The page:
Nice speech by Yves Mersch of ECB. He says we need to think differently about independence when it comes to banking supervision and regulation: As mentioned earlier, we need to differentiate between how the principles of independence and accountability apply in the central banking context on the one hand, and in respect of the ECB’s supervisory tasks on the other. The wording of Article 130 of the Treaty makes it clear that the principle of independence concerns the performance of ESCB tasks conferred upon the ECB by the Treaty itself, that is, central banking–related activities. I therefore share the view that this Article cannot be applied equally to the exercise of the ECB’s supervisory functions, which were assigned to the ECB through secondary EU legislation rather than by
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Nice speech by Yves Mersch of ECB. He says we need to think differently about independence when it comes to banking supervision and regulation:
As mentioned earlier, we need to differentiate between how the principles of independence and accountability apply in the central banking context on the one hand, and in respect of the ECB’s supervisory tasks on the other.
The wording of Article 130 of the Treaty makes it clear that the principle of independence concerns the performance of ESCB tasks conferred upon the ECB by the Treaty itself, that is, central banking–related activities. I therefore share the view that this Article cannot be applied equally to the exercise of the ECB’s supervisory functions, which were assigned to the ECB through secondary EU legislation rather than by the Treaty, and were intended for purposes other than the pursuit of the price stability objective.
Whereas the ECB has fully autonomous regulatory and decision-making powers when conducting monetary policy, its discretion in carrying out its supervisory tasks is confined by the decisions taken by European and national legislators or regulators. Moreover, the ECB has a different and higher degree of accountability for its supervisory tasks than for its monetary policy task. This is because taxpayers may be affected by the way in which microprudential supervision is conducted, notwithstanding the intention under the new EU banking resolution regime for the costs of bank failures to be borne by the bank shareholders and creditors.
I in no way question the necessity for banking or financial supervisors to be operationally independent from undue political, commercial banking or other third-party influences. My point is that the degrees of independence that the ECB enjoys as a monetary policy authority on the one hand, and a banking supervisor on the other differ: both the source of independence and the ECB’s role are different in the two functions. And for these reasons, independence in the monetary policy function is stronger and more firmly embedded in the EU institutional framework than it is in the case of the supervisory function.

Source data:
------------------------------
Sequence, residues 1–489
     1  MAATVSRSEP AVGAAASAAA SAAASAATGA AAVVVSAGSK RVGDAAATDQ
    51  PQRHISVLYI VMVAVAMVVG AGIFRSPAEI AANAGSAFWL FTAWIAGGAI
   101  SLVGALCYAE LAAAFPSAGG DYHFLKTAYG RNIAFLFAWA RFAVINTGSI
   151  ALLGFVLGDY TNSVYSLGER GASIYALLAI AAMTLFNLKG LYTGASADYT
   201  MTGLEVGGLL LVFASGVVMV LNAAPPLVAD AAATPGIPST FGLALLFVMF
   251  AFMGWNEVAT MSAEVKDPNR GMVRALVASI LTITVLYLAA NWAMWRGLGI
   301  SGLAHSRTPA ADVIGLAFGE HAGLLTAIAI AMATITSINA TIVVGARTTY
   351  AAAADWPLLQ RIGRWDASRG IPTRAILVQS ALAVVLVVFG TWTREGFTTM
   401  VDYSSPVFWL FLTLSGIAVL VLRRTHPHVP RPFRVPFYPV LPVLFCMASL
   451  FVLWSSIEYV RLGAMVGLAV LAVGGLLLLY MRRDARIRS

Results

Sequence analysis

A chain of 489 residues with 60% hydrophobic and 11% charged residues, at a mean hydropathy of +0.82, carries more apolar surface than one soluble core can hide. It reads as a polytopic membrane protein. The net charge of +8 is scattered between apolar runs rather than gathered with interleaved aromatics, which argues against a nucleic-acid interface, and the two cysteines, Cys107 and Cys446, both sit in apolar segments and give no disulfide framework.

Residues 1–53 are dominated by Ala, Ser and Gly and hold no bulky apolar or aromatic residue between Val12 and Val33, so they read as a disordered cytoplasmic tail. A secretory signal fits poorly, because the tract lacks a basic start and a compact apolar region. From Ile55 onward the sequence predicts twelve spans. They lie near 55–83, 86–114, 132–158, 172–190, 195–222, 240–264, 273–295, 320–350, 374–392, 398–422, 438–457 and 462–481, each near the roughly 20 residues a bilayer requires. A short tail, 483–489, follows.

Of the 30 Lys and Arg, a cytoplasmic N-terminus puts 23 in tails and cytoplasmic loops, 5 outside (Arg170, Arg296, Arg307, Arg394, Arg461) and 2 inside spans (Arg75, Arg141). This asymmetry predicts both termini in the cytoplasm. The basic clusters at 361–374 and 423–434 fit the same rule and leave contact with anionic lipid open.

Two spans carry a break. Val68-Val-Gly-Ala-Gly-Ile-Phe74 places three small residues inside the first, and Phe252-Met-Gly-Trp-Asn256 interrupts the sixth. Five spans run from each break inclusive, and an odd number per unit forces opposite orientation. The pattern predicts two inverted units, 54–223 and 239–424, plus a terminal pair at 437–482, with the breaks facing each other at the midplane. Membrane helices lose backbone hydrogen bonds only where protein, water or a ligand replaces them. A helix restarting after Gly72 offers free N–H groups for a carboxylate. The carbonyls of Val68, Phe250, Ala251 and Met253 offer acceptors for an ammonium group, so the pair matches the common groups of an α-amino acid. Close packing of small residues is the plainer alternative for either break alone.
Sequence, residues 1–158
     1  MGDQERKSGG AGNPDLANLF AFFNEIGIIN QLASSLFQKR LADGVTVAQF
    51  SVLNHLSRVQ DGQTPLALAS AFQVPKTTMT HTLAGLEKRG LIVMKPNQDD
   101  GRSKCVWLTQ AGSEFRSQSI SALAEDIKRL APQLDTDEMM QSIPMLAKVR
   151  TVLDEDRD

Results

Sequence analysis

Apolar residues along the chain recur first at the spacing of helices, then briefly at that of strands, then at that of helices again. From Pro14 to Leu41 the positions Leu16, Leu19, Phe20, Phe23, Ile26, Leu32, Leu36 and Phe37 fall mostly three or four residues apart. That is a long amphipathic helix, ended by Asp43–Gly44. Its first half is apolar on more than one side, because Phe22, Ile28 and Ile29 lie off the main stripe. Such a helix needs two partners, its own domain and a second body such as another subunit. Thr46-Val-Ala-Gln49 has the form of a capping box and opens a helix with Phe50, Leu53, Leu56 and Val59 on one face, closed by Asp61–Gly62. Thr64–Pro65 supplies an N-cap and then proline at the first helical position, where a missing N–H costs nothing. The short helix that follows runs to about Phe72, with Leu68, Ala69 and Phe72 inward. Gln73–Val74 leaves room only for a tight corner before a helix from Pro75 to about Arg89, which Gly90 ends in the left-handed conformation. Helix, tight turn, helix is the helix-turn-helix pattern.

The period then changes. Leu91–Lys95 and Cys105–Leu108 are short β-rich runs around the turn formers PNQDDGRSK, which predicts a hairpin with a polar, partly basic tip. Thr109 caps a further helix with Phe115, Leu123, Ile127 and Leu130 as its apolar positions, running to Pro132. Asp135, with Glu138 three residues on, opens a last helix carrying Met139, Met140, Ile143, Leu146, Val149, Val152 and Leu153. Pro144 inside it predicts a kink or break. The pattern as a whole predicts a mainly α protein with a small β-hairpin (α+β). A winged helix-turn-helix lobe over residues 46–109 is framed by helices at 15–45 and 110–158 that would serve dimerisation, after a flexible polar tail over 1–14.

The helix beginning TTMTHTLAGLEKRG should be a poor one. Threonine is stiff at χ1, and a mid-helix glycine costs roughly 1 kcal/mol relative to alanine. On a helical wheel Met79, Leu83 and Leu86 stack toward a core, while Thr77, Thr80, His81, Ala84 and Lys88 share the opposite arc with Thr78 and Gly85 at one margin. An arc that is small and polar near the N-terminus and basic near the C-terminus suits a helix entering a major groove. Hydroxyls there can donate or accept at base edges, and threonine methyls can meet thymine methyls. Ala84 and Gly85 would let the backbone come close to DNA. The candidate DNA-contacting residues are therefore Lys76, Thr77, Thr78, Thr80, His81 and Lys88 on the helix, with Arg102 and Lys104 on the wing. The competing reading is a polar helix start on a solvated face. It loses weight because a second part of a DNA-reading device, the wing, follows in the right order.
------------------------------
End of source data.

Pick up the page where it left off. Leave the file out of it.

Most of the time, people are mixing these two aspects of central bank independence.
He also mentions that there are four kinds of independence (when it comes to mon policy):
ECB independence consists of four important pillars – institutional, functional, personal and financial independence.
Article 130 of the Treaty is the most important provision from the perspective of independence, guaranteeing institutional independence. It works in two ways. First, it prohibits the ECB, the NCBs and the members of their decision-making bodies from seeking or taking instructions from EU institutions or bodies, from any Member State government or from any other body when exercising the powers and carrying out the tasks and duties conferred upon them by the Treaties. Second, it stipulates that EU and national authorities must respect this independence and not seek to influence the members of the ECB’s or the NCBs’ decision-making bodies in the performance of their tasks.
The second pillar of independence is functional independence. The ECB has been given the autonomy to determine which policy tools to use to achieve its primary objective of price stability. It has sole competence to decide which means and instruments are most appropriate to help it achieve its aims – such as outright purchases, the establishment of the collateral framework, and the designation of its counterparties. As part of this functional independence, NCBs must have the necessary means and instruments to achieve the ESCB’s objectives independently of any other authority.
The third pillar of independence, personal independence, safeguards the capacity of the members of the ECB’s decision-making bodies to take decisions without external influence. The members of the ECB Executive Board are appointed for a non-renewable term of eight years and can only be removed from office by the Court of Justice in two cases: if they no longer fulfil the conditions required for the performance of their duties or if they have been guilty of serious misconduct. The Treaty requires that the NCB statutes provide for a minimum term of office of five years for the NCB governors. These governors, too, may only be relieved from office in the aforementioned cases. The Treaties also provide a powerful judicial remedy against arbitrary dismissals allowing the ECB and the governors to refer a dismissal to the Court of Justice of the European Union.
Even if central banks are fully independent from an institutional, functional and personal point of view, their overall independence would be jeopardised if they did not have sufficient financial resources to fulfil their mandate. The ECB therefore has financial independence, meaning that it is free to manage its own finances and ensure that it has sufficient capital, staff and income to perform its tasks independently. For their part, NCBs may not be deprived by their governments of sufficient financial resources to carry out their tasks.